Note: Current TVs are limited to the DCI P3 specification.   Although we may look forward to the full CIE 2020 color space spec; the current library of movies is limited to DCI P3.  The good news is DCI P3 is a significant improvement over HDTV.

NIT – The NIT is a unit of TV screen brightness.  This is different from the ANSI lumen that measures the reflected screen brightness produced by a video projector. As a reference; the ISF’s Silver and Paullin stated; “Our old TV content was created thinking in terms of brightness at 100 Nits; this is what NTSC CRT reference monitors were capable of.  HDR monitors will be capable of 4,000 to 10,000 Nits.”

Different standards!

HDR LCD TVs and HDR OLED TVs are defined by different brightness standards. An HDR LCD TV must be capable of over 1,000 Nits peak brightness and less than 0.05 nits black level. An HDR OLED TV must be capable of 540 Nits brightness and less than 0.0005 nits black level.
The LCD brightness spec is near twice the OLED spec. This will lead many to claim LCD is better than OLED. However HDR OLED black level is 100 times lower. If you want the TV with the largest dynamic range – the difference between peak brightness and black level; then HDR OLED crushes HDR LCD.

Note: The NIT is too light as the decibel is to the sound pressure level.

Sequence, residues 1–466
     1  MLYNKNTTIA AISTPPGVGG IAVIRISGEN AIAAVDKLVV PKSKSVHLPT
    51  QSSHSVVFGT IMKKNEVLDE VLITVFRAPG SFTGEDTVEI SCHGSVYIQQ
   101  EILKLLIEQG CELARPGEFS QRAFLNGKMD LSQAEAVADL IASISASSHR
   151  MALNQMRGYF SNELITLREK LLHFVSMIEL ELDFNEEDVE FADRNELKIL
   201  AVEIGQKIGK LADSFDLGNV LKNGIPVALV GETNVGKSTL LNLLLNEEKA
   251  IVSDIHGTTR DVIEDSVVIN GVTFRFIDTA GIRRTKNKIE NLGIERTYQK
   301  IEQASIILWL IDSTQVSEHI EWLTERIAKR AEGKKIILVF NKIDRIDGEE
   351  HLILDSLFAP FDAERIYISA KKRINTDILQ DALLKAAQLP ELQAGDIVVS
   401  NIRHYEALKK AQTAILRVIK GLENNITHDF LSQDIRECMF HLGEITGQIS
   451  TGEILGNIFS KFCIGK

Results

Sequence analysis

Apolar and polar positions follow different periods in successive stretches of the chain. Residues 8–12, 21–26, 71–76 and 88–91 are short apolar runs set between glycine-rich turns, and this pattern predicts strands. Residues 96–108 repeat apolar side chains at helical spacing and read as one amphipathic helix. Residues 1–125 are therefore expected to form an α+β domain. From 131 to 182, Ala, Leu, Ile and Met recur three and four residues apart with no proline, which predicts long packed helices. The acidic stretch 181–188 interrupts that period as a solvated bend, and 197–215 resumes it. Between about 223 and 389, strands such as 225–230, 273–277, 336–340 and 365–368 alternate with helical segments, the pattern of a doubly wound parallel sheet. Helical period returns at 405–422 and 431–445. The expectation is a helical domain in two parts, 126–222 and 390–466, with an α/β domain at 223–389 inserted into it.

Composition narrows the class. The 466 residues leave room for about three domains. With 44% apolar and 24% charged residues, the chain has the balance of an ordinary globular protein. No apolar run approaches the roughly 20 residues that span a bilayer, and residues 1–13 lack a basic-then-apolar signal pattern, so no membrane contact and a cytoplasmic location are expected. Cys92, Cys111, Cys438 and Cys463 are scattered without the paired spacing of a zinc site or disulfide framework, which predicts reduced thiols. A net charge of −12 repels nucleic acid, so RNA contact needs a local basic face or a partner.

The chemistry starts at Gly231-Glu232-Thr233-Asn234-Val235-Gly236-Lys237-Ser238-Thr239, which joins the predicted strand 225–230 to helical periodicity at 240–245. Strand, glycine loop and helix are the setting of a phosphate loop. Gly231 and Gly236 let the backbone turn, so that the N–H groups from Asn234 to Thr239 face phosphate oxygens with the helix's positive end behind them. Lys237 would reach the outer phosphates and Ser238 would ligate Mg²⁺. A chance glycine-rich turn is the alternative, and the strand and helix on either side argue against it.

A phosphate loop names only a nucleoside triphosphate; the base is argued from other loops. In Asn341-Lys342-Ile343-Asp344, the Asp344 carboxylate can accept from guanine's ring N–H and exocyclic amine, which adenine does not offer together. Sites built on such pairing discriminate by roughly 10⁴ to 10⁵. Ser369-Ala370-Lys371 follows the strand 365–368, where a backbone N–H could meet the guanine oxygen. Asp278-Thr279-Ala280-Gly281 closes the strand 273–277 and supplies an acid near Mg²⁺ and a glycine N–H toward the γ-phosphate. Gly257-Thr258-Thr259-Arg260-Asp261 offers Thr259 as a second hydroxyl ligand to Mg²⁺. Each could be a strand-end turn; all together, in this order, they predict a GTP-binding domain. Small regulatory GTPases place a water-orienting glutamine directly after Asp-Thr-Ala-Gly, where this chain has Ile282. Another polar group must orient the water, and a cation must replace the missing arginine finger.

Similar to hearing, human vision is not evenly sensitive to the entire bandwidth of light.
The eye is most sensitive to green light, less to red, and even less to blue.  This subjective visual response is defined as luminance.  The subjective response to sound is called loudness.

Gamma is a fixed gray-scale luminance correction to accommodate human perception.  If you are an old audio pro – gamma is similar to Fletcher/Munson loudness correction.

EOTF or Electro-Optical Transfer Function is a dynamic (not fixed as gamma) frame by frame luminance adjustment.  The Hybrid Log-Gamma and Phillips/Technicolor HDR formats use this technology. (More on this later)

Frame Rates [frames per second] – The REC 2020 HDR UltraHD specification provides for 120fps or 60fps. The 120fps option is significant because it exceeds the frame rate requirement for Virtual Reality and Augment Reality.

HEVC – Ultra-HDTV broadcast and Blu-ray discs require High-Efficiency Video Coding compression. HEVC ‘squeezes’ video data within their limited bandwidth. Unaltered, Ultra-HD cannot fit within Blu-ray disc space or via future off-air broadcast bandwidth.  This is not a consumer issue. Content and hardware providers’ products will comply.

In an HDR nutshell
HDR luminance sets the table for an extended gray scale that creates a broader space of color.  The expansive gray-scale/color-space lays the foundation for a wider color gamut Ultra-HDTV specification.